Though in a bit over its head, the Chamber Orchestra of Philadelphia claimed its place in the classical music ecosystem more effectively than usual Sunday at the Kimmel Center, in a program that spotlighted clarinetist Ricardo Morales in the standard-repertoire Mozart Clarinet Concerto, but that daringly made the never-heard Malcolm Arnold Symphony for Strings the second-half centerpiece.
Music director Dirk Brosse assembled this intelligent program with guest Bassem Akiki, who canceled due to visa problems and was replaced by the up-and-coming Kynan Johns. Stepping into a concert this singular can't have been easy. Each half was similarly constructed, both starting with composers who momentarily narrowed their focus to meet the creative requirement at hand. Gluck's "Dance of the Blessed Spirits" paved the way to the more-substantial Mozart concerto; Respighi's Ancient Airs and Dances Suite No.3 set the stage for the Arnold symphony.
Heard in a sociological context, the second half has Respighi retreating from the present (1932) into a mythical past (lute songs from the late Renaissance and early Baroque) -- just as fascist Italy was reclaiming its Roman past in all of its imperialist sense of entitlement. Like a World War II bookend, Arnold's symphony dates from 1946, with a distinctly 20th-century way of juxtaposing sharply conflicting elements simultaneously. The slow movement in particular is like a geological cross section of inner disturbances that are unable to reach any resolution.
Kinship between the two composers is apparent in the string writing, but Respighi, for all of his orchestral mastery, was outclassed by Arnold's more penetrating, personal content. Though my past encounters with the symphony suggested it's one of the spikier descendants of William Walton, Johns heard it more through the lens of Bartok's Music for String, Percussion and Celesta. Arnold tends to be compulsively rhythmic here, making the piece particularly challenging because there's no hiding lack of synchronization. The performance was together enough to give a sense of what the symphony could be were the orchestra to revisit it in future seasons. I hope that happens. Meanwhile, one applauded the effort.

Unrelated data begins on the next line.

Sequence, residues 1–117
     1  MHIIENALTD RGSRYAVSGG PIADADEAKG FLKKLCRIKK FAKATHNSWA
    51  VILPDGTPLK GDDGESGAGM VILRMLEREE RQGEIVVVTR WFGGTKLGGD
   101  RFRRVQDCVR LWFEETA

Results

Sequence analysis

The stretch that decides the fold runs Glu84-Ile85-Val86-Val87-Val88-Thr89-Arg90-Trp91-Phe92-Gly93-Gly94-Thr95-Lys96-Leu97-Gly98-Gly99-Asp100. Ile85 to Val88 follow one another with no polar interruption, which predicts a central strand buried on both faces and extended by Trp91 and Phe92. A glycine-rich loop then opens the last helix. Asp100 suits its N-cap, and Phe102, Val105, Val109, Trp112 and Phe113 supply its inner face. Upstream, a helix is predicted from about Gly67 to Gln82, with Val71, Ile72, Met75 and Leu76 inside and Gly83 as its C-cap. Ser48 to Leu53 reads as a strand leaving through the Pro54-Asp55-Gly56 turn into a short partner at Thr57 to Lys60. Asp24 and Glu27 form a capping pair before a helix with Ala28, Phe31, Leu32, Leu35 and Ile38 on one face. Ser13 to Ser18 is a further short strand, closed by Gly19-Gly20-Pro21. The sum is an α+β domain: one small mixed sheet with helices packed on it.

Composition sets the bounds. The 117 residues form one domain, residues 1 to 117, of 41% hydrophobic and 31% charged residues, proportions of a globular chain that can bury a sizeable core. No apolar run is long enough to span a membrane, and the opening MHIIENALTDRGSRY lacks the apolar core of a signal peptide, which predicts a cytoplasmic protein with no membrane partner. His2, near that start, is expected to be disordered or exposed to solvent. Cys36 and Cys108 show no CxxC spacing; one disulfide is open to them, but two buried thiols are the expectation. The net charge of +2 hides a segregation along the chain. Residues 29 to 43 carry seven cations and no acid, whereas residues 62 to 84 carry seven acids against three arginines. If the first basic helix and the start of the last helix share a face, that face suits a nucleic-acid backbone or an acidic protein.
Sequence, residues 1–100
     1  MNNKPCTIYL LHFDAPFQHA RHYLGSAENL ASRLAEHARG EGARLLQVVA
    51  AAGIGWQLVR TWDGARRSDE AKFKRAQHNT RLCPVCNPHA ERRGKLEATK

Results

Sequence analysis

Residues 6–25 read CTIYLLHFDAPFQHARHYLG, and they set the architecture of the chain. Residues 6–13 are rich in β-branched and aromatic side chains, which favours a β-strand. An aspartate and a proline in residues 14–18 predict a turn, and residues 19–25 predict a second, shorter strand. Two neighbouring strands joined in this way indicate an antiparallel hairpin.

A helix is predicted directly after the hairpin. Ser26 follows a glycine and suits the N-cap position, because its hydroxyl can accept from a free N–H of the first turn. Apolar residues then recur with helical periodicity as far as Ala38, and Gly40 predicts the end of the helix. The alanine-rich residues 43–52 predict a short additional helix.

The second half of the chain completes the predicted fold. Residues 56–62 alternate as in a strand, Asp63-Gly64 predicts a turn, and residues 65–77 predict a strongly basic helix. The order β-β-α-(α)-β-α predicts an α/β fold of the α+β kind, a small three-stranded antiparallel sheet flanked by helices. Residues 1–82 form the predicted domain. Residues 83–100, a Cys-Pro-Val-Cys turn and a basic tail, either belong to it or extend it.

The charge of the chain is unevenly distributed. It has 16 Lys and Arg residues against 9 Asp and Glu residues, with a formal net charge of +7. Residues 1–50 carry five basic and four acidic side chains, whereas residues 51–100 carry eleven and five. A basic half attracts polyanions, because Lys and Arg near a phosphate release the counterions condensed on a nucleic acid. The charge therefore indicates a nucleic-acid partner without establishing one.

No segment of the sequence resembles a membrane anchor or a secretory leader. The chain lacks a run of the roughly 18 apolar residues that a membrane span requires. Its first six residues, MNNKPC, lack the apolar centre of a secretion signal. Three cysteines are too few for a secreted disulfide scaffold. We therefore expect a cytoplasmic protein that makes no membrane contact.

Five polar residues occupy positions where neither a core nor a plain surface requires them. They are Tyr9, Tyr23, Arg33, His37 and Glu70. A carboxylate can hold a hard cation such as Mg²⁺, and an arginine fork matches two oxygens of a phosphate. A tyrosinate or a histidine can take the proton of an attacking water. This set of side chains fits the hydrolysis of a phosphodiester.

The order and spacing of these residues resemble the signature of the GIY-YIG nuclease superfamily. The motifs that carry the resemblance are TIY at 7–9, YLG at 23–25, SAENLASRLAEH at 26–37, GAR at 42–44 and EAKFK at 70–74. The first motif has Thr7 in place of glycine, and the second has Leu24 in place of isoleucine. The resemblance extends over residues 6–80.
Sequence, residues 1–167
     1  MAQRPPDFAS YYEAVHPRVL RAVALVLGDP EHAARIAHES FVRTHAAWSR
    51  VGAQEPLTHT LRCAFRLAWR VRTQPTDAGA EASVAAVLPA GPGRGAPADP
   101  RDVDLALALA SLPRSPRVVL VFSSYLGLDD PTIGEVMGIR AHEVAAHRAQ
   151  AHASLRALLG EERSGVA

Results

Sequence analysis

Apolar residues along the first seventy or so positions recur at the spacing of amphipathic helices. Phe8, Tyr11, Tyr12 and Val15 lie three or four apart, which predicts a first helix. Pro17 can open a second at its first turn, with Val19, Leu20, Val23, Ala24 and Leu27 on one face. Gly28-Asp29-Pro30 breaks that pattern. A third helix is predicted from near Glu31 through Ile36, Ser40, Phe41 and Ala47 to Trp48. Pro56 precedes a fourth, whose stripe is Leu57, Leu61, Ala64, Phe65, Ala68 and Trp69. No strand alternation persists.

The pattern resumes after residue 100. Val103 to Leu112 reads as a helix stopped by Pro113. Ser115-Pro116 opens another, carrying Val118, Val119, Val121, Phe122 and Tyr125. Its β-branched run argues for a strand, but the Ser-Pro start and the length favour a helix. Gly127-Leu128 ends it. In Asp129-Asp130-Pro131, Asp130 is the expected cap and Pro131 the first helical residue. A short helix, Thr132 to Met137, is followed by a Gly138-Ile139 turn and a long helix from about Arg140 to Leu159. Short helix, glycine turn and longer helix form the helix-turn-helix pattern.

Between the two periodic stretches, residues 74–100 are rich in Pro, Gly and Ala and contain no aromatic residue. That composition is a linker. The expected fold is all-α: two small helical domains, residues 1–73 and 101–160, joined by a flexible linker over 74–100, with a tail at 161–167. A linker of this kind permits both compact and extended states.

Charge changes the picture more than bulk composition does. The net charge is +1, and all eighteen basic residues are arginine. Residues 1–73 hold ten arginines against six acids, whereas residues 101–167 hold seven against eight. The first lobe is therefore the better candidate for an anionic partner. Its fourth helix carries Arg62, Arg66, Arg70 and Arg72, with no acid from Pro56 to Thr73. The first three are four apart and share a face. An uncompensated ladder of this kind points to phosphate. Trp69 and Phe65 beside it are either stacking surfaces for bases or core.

The Gluck piece hails from the mythical setting of his Orfeo ed Euridice opera, which put the Mozart concerto in an otherworldly light, especially when heard with the characteristic gentility one hears from Morales, the Philadelphia Orchestra principal clarinetist. His seemless phrasing and unforced tone always draw in the ear rather than reach out to it. Particularly in the slow movement, you were prompted to take Mozart more on his own terms, which is not the real world of The Marriage of Figaro, but a place of inner quietude with its own rules that are all the more palpable in the more intimate environs of the Perelman Theater.